Review Article

Establishment and Industrialization of a New Treatment Method Using Regenerative Cardiomyocyte Transplantation for Refractory Severe Heart Failure - Secondary Publication

Keiichi Fukuda
Department of Cardiology, Keio University School of Medicine, Tokyo, Japan

Corresponding author: Keiichi Fukuda,

DOI: 10.31662/jmaj.2023-0075

Received: May 15, 2023
Accepted: June 1, 2023
Advance Publication: October 5, 2023
Published: October 16, 2023

Cite this article as:
Fukuda K. Establishment and Industrialization of a New Treatment Method Using Regenerative Cardiomyocyte Transplantation for Refractory Severe Heart Failure - Secondary Publication. JMA J. 2023;6(4):388-392.


Cardiomyocytes undergo cell division during the fetal period but do not divide after birth; thus, they grow into adult heart cells by enlarging their size. Therefore, heart failure occurs when a certain number of cardiomyocytes are lost owing to myocardial infarction, myocarditis, sarcoidosis, etc.

Through scientific efforts, we have developed methods to safely and efficiently generate induced pluripotent stem (iPS) cells from peripheral blood T cells, generate ventricle-specific cardiomyocytes from iPS cells, and remove residual iPS cells and non-cardiomyocytes using the “metabolic selection method” and purify the cardiomyocytes from iPS cell derivatives. We have also developed the technology to mass-produce and efficiently engraft cardiomyocytes by generating cardiomyocyte spheroids and have developed devices suitable for cell transplantation.

We have confirmed the safety and efficacy of these techniques by performing preclinical studies (oncogenesis, arrhythmogenicity, etc.) using immunodeficient mice, rats, pigs, and monkeys. Based on these technologies, we have successfully regenerated human ventricular muscle-specific cardiomyocytes with purity greater than 99%. We have also confirmed that the regenerated myocardium transplanted into immunodeficient mice maintained autonomic beating for more than a year without tumor formation.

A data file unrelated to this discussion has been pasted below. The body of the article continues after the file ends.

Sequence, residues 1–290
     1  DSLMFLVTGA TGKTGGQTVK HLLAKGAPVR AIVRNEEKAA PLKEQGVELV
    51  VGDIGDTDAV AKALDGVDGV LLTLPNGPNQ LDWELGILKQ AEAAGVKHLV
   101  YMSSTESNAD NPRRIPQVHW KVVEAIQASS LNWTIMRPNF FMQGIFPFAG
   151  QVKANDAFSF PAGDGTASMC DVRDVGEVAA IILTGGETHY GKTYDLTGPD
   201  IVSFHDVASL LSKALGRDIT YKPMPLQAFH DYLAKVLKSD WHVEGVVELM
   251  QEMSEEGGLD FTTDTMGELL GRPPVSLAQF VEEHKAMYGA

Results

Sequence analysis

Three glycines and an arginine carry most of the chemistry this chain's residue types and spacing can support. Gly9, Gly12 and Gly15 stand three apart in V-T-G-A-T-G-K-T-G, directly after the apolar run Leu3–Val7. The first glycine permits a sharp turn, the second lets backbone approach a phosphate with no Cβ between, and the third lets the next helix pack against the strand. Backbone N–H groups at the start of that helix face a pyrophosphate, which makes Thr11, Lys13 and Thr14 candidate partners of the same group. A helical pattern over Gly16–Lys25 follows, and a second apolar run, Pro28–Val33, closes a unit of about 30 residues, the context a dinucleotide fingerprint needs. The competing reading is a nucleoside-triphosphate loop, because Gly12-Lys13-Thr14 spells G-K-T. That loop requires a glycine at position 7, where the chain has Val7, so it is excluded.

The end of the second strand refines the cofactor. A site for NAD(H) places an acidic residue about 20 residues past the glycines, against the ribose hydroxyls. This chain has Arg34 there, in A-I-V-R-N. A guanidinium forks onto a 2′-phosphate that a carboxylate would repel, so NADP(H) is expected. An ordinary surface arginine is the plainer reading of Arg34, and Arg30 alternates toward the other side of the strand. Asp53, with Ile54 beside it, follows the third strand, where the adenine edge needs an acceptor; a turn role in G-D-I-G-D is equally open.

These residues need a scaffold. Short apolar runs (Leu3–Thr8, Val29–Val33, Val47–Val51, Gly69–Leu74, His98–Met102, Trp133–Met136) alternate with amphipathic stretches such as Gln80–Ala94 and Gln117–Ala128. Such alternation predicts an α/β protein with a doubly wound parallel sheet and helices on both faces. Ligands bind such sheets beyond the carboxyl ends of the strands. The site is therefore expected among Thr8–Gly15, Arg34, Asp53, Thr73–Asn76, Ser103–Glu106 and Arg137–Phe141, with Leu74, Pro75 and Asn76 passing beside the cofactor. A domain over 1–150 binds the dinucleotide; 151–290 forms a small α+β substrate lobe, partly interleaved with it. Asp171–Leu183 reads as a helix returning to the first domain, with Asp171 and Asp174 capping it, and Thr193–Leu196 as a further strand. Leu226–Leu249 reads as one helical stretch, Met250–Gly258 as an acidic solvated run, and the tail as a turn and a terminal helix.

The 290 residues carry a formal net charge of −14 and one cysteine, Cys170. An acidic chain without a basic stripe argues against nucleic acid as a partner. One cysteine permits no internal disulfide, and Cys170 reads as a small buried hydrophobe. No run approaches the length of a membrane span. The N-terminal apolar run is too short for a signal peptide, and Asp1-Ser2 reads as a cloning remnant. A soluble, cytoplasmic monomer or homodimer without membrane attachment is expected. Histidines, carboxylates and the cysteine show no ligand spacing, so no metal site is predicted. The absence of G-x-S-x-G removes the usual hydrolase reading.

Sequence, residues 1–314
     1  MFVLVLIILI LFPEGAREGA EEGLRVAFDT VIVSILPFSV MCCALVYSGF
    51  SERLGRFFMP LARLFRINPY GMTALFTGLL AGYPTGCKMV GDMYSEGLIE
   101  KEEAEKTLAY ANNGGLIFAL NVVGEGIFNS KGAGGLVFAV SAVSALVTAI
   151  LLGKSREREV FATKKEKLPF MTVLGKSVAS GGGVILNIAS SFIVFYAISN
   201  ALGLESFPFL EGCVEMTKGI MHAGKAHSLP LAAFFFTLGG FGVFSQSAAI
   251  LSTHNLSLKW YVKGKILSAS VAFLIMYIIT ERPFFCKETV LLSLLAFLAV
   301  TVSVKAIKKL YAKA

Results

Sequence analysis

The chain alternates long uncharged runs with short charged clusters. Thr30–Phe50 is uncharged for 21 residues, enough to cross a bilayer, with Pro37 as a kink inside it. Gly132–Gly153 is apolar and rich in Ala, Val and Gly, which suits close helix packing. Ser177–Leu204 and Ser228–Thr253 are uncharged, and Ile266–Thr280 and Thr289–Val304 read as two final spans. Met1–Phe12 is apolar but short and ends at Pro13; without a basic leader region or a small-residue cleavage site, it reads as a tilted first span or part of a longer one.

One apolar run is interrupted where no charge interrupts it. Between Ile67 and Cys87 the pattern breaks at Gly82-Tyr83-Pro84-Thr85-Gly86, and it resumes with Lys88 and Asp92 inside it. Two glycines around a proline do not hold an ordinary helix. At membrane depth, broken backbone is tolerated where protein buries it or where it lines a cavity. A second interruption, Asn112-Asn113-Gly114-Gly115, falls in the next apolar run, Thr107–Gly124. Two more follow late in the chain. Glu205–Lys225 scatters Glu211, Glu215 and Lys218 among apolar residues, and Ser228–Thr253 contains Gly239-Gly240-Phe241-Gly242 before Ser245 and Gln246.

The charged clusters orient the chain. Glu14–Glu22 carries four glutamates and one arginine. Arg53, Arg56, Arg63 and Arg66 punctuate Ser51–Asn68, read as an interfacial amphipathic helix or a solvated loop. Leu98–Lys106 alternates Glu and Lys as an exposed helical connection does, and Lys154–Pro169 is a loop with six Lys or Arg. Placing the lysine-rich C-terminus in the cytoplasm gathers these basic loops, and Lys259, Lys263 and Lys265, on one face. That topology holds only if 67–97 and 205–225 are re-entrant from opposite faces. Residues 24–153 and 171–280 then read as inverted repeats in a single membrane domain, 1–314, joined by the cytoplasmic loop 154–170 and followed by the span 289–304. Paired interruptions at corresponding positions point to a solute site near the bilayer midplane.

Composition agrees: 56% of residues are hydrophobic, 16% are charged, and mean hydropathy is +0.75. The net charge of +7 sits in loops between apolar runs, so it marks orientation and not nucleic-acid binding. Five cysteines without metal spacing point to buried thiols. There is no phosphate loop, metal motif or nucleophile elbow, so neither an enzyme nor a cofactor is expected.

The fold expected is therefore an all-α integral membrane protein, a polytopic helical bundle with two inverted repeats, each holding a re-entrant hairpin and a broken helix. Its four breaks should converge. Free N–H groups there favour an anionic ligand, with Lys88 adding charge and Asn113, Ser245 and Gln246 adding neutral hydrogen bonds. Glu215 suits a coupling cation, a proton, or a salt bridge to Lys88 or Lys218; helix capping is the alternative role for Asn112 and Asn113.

We are planning to conduct clinical trials to transplant iPS cell-derived cardiomyocytes into patients with heart failure associated with ischemic heart disease, which will, in the near future, enable clinical applications using HLA-deficient iPS cells and iPS cells generated from the patient’s own lymphocytes to generate regenerative cardiomyocytes without rejection. It would also help establish personalized medicine for heart failure and usher in the long-awaited treatment for intractable severe heart failure using ventricular muscle supplementation.

Key words: regenerative medicine, heart failure, cell transplantation, iPS cells


Despite the decrease in the early mortality rate for heart failure owing to improvements such as acute-phase catheter treatment for myocardial infarction and the development of effective oral heart failure treatment drugs, the number of patients with chronic heart failure has increased over the past 30 years (1). This rate is expected to increase at least until 2050 and has been named “the heart failure pandemic” (2). The left ventricle consists of approximately 4 billion ventricular myocytes (1). During myocardial infarction, myocarditis, cardiomyopathy, and similar ailments, the number of cardiomyocytes decreases owing to necrosis. As cardiomyocytes do not regenerate, the heart attempts to compensate for the function through hypertrophy of the remaining cardiomyocytes; however, incomplete compensation leads to heart failure. To date, heart failure has been treated by modifying neurohumoral factors to improve the function of the remaining myocardium (3), (4). However, in this newly developed method, heart failure is treated by compensating for the cardiomyocyte shortage through transplantation. We have developed a method for generating ventricular muscle-specific cardiomyocytes from human induced pluripotent stem (iPS) cells, which are purified to a high degree before being transplanted into the left ventricular wall with high efficiency. In this paper, the developmental process has been discussed, along with its future prospects in the treatment of heart failure.